Six months ago, a thought­less tragedy threat­ened the city’s resilience. The Boston Marathon is not just an event, but rather a uni­versal symbol of strength. Roughly 27,000 run­ners from around the world commit to pushing them­selves for 26.2 miles, while 500,000 spec­ta­tors stand by to cheer them on. The tra­di­tion is woven into the fabric of our community.

On April 15, 2013, bomb­ings at the marathon finish line aimed to destroy that fabric, and a team at North­eastern Uni­ver­sity is now inviting indi­vid­uals to strengthen it.

Our Marathon, a com­pre­hen­sive, crowd-​​sourced dig­ital archive of the Boston Marathon bomb­ings, is hosting an exhibit Tuesday to com­mem­o­rate the event’s six-​​month anniver­sary. The exhibit, which is free and open to the public, will fea­ture photos, videos and sto­ries from the archive, as well as a dis­play of items orig­i­nally placed at the Copley Square Memo­rial, on loan from the Boston City Archives. From 1 to 8 p.m. in Northeastern’s Snell Library, atten­dees will have the oppor­tu­nity to submit their written and oral reflec­tions to the archive on-​​site.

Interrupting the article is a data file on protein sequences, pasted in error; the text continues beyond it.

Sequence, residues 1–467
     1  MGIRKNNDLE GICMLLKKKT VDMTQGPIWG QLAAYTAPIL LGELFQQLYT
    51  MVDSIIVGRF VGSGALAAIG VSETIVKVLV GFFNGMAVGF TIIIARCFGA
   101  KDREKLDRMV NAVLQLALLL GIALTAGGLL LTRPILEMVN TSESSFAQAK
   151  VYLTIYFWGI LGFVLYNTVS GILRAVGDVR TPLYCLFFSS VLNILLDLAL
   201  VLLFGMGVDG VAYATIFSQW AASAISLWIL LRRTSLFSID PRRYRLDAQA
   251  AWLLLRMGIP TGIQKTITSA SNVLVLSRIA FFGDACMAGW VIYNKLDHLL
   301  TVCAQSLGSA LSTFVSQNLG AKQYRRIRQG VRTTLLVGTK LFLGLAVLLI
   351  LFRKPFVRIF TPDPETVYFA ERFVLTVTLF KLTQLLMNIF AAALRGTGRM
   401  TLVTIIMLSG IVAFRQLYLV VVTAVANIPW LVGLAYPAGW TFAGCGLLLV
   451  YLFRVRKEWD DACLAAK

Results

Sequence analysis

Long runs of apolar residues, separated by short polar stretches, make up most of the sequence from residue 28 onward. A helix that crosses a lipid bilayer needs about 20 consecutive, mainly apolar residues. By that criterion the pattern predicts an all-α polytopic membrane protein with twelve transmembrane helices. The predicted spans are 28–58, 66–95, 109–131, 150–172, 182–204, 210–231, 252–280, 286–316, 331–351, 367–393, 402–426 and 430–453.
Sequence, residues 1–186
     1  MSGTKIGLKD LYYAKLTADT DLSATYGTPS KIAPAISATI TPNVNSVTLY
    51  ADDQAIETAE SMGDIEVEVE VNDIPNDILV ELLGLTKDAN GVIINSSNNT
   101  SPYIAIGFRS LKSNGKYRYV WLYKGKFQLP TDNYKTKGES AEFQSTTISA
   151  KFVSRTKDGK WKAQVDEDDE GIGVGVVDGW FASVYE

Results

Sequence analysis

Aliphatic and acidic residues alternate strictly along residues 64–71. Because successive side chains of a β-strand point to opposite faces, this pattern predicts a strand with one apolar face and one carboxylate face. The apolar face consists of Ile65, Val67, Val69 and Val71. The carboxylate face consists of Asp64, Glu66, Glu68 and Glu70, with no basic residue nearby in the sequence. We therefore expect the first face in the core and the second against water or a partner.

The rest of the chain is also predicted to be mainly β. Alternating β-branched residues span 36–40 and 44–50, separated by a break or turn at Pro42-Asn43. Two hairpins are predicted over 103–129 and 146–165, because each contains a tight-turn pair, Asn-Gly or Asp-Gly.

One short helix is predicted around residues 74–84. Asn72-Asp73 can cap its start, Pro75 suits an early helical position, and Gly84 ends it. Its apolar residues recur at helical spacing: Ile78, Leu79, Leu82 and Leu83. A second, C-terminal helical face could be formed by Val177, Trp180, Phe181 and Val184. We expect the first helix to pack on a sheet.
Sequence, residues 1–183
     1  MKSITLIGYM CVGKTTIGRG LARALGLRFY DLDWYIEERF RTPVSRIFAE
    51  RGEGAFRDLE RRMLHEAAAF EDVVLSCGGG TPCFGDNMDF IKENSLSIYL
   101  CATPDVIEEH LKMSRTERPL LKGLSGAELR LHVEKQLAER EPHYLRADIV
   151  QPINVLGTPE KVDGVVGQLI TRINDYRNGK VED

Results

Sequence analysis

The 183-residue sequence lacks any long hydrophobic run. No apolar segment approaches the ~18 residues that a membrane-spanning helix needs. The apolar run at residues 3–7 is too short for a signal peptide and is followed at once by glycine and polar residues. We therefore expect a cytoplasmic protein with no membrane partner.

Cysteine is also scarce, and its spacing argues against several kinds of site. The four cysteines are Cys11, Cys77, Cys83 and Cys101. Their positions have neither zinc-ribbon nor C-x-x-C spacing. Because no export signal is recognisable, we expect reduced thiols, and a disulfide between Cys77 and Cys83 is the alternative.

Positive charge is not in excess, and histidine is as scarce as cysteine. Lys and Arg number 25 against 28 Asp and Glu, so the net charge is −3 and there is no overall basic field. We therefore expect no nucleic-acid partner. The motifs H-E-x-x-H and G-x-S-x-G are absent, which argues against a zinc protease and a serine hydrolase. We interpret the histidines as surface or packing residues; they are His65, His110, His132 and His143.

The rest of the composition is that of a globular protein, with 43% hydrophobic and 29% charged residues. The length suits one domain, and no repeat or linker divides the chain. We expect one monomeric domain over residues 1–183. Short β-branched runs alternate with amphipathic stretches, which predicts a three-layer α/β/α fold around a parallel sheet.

We’re six months out, and there’s a lot that still needs to be cap­tured,” says Ryan Cordell, an assis­tant pro­fessor at North­eastern who’s spear­heading Our Marathon along­side Pro­fessor Eliz­a­beth Mad­dock Dillon. “There’s still a lot more work that needs to be done for the com­mu­nity. We don’t want to let these sto­ries fade away before they can be cap­tured and saved for posterity.”

Read the article at BostInno →